Your code fails because eval()'s supplied enclos= argument does not point far enough up the call stack to reach the environment in which you are wanting it to next search for unresolved symbols.

Here is a partial diagram of the call stack from the bottom of which your call to parent.frame() occurs. (To make sense of this, it's important to keep in mind that the function call from which parent.frame() is here being called is not f(), but a call the anonymous function returned by f() (let's call it fval)).

## Note: E.F. = "Evaluation Frame"
##       fval = anonymous function returned as value of nested call to f()

f(   <-------------------------  ## E.F. you want, ptd to by parent.frame(n=3)      
  Map(
      mapply(   <--------------------  ## E.F. pointed to by parent.frame(n=1)
             fval(                  |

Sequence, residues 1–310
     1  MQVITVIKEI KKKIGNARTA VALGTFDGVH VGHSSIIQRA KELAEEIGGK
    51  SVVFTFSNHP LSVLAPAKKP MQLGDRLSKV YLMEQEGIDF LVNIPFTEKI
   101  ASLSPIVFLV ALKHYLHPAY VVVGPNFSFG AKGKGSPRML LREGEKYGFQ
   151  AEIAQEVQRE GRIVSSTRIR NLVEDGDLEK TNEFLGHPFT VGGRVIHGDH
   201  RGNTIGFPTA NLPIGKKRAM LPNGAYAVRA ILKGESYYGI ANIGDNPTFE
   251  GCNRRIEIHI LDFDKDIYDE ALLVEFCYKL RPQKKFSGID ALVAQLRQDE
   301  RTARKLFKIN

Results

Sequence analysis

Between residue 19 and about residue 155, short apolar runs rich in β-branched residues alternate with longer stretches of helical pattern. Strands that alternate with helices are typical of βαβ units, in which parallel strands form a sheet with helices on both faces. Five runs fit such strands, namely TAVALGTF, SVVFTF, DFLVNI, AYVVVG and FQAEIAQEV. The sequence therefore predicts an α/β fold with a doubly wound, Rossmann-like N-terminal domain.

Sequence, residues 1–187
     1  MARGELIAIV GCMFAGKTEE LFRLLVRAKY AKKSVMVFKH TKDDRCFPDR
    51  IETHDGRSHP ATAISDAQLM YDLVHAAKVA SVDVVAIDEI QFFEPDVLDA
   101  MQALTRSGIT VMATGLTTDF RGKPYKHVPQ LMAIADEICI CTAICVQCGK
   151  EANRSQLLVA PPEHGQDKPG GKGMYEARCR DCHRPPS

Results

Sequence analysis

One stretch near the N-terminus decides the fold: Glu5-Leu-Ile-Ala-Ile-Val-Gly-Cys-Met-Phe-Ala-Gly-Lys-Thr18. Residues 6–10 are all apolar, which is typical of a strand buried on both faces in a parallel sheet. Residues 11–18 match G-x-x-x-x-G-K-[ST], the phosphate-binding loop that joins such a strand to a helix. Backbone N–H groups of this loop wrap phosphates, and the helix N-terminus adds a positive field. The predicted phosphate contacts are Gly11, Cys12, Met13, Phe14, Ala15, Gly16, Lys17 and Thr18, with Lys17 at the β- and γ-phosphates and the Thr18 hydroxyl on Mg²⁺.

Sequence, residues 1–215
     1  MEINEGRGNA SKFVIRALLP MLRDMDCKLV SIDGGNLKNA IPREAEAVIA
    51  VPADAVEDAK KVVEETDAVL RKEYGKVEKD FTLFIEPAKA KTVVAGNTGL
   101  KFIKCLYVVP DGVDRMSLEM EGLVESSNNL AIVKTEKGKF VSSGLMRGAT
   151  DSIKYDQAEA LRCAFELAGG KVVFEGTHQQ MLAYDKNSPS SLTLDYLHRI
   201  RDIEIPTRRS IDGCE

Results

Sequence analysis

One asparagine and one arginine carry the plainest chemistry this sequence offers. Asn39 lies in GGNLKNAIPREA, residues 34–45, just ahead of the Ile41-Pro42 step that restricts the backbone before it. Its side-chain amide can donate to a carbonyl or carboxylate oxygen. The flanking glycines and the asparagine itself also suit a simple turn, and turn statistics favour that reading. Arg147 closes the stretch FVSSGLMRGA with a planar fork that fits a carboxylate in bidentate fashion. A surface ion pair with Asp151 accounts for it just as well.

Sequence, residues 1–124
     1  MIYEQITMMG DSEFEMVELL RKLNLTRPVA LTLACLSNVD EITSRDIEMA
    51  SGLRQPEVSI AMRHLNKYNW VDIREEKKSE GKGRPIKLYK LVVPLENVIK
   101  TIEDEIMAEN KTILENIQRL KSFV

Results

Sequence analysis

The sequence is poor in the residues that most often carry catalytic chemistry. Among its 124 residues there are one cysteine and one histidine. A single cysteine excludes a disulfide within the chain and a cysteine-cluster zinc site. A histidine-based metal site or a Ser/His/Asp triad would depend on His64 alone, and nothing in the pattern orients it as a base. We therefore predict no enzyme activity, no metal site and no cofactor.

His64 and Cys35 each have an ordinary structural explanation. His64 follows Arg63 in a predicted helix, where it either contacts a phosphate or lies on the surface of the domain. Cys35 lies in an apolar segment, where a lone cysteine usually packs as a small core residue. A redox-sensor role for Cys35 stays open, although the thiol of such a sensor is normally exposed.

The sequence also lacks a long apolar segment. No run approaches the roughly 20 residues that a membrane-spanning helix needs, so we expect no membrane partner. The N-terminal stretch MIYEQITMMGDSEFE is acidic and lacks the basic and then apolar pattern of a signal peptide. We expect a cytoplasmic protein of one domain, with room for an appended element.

parent.frame(n=1  |

In this particular case, redefining the function returned by f() to call parent.frame(n=3) rather than parent.frame(n=1) produces working code, but that's not a good general solution. For instance, if you wanted to call f(x = mapply(f(y = x + y), 1:2))(10), the call stack would then be one step shorter, and you'd instead need parent.frame(n=2).

Why flodel's code works

flodel's code provides a more robust solution by calling parent.frame() during evaluation of the inner call to f in the nested chain f(Map(f(), ...)) (rather than during the subsequent evaluation of the anonymous function fval returned by f()).

To understand why his parent.frame(n=1) points to the appropriate environment, it's important to recall that in R, supplied arguments are evaluated in the the evaluation frame of the calling function. In the OP's example of nested code, the inner f() is evaluated during the processing of Map()'s supplied arguments, so it's evaluation environment is that of the function calling Map(). Here, the function calling Map() is the outer call to f(), and its evaluation frame is exactly where you want eval() to next be looking for symbols:

f(   <--------------------- ## Evaluation frame of the nested call to f()
  Map(f(                  |
        parent.frame(n=1  |